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April 9, 2014

Jonathan Tobin: Why Did Kerry Lie About Israeli Blame?

Samuel G. Freedman: A resolution 70 years later for a father's unsettling legacy of ashes from Dachau

Jessica Ivins: A resolution 70 years later for a father's unsettling legacy of ashes from Dachau

Kim Giles: Asking for help is not weakness

Kathy Kristof and Barbara Hoch Marcus: 7 Great Growth Israeli Stocks

Matthew Mientka: How Beans, Peas, And Chickpeas Cleanse Bad Cholesterol and Lowers Risk of Heart Disease

Sabrina Bachai: 5 At-Home Treatments For Headaches

The Kosher Gourmet by Daniel Neman Have yourself a matzo ball: The secrets bubby never told you and recipes she could have never imagined

April 8, 2014

Lori Nawyn: At Your Wit's End and Back: Finding Peace

Susan B. Garland and Rachel L. Sheedy: Strategies Married Couples Can Use to Boost Benefits

David Muhlbaum: Smart Tax Deductions Non-Itemizers Can Claim

Jill Weisenberger, M.S., R.D.N., C.D.E : Before You Lose Your Mental Edge

Dana Dovey: Coffee Drinkers Rejoice! Your Cup Of Joe Can Prevent Death From Liver Disease

Chris Weller: Electric 'Thinking Cap' Puts Your Brain Power Into High Gear

The Kosher Gourmet by Marlene Parrish A gift of hazelnuts keeps giving --- for a variety of nutty recipes: Entree, side, soup, dessert

April 4, 2014

Rabbi David Gutterman: The Word for Nothing Means Everything

Charles Krauthammer: Kerry's folly, Chapter 3

Amy Peterson: A life of love: How to build lasting relationships with your children

John Ericson: Older Women: Save Your Heart, Prevent Stroke Don't Drink Diet

John Ericson: Why 50 million Americans will still have spring allergies after taking meds

Cameron Huddleston: Best and Worst Buys of April 2014

Stacy Rapacon: Great Mutual Funds for Young Investors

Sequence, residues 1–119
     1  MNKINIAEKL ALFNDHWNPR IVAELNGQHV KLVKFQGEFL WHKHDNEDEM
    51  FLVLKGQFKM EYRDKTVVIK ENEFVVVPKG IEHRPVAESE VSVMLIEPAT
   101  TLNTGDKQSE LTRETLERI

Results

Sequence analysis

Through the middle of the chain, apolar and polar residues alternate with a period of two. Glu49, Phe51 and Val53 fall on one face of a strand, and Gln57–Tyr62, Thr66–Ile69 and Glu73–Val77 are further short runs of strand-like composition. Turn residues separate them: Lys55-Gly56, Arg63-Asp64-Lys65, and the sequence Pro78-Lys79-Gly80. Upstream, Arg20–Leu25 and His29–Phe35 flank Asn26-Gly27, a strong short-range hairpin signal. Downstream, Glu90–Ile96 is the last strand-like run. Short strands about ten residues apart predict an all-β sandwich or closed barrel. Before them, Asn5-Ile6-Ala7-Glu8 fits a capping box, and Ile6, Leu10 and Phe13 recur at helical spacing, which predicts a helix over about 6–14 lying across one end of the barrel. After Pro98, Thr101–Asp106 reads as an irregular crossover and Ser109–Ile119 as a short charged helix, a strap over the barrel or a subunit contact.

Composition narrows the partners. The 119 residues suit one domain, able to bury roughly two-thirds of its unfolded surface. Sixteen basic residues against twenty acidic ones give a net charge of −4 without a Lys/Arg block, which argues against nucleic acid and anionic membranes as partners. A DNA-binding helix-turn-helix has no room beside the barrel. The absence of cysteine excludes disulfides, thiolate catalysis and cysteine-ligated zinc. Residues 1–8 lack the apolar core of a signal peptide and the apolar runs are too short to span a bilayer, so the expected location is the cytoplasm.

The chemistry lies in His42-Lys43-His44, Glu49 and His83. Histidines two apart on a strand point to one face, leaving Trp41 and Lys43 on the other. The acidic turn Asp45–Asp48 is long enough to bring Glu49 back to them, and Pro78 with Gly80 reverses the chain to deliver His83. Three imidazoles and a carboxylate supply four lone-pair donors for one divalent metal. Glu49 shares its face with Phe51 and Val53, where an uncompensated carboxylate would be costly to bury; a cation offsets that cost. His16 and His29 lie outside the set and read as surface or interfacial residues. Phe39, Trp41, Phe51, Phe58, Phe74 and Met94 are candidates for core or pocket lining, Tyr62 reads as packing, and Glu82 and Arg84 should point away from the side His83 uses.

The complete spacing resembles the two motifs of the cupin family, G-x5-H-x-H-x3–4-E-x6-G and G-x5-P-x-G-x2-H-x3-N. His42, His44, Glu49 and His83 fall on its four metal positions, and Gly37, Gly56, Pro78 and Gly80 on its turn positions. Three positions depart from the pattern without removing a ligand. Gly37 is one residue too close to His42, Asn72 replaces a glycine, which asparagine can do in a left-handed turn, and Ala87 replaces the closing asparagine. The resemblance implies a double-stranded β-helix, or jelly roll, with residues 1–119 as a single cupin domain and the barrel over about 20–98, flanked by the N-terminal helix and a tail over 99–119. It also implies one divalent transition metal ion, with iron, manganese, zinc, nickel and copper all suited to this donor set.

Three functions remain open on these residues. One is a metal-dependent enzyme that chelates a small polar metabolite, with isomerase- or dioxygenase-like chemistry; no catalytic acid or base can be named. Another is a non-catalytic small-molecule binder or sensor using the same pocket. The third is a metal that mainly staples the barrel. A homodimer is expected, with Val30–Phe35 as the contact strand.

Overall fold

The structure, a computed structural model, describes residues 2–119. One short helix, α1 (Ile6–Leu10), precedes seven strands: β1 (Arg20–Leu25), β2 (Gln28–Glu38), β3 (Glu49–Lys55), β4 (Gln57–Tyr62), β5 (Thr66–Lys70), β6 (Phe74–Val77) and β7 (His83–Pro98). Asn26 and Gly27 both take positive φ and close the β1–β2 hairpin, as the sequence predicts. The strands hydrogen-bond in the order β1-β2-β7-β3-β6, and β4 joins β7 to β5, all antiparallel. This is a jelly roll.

Sarah Boesveld: Teacher keeps promise to mail thousands of former students letters written by their past selves

The Kosher Gourmet by Sharon Thompson Anyone can make a salad, you say. But can they make a great salad? (SECRETS, TESTED TECHNIQUES + 4 RECIPES, INCLUDING DRESSINGS)

April 2, 2014

Paul Greenberg: Death and joy in the spring

Dan Barry: Should South Carolina Jews be forced to maintain this chimney built by Germans serving the Nazis?

Mayra Bitsko: Save me! An alien took over my child's personality

Frank Clayton: Get happy: 20 scientifically proven happiness activities

Susan Scutti: It's Genetic! Obesity and the 'Carb Breakdown' Gene

Lecia Bushak: Why Hand Sanitizer May Actually Harm Your Health

Stacy Rapacon: Great Funds You Can Own for $500 or Less

Cameron Huddleston: 7 Ways to Save on Home Decor

The Kosher Gourmet by Steve Petusevsky Exploring ingredients as edible-stuffed containers (TWO RECIPES + TIPS & TECHINQUES)

Jewish World Review April 28, 2009 / 4 Iyar 5769

$8 gas and the green agenda

By Jeff Jacoby

Jeff Jacoby
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http://www.JewishWorldReview.com | Testifying before the House Energy and Commerce Committee last week, Energy Secretary Steven Chu was asked about something he said in September. "Somehow," the Nobel laureate had told The Wall Street Journal, "we have to figure out how to boost the price of gasoline to the levels in Europe." At the time, gasoline in Europe was going for around $8 a gallon. Did the secretary, Florida Representative Cliff Stearns inquired, still want to see US gas prices rise that high?


"In today's economic climate," Chu quickly replied, "it would be completely unwise to want to increase the price of gasoline. And so we are looking forward to reducing the price of transportation in the American family . . . by encouraging fuel-efficient cars (and) developing alternative forms of fuel."


The congressman couldn't resist giving the knife a twist.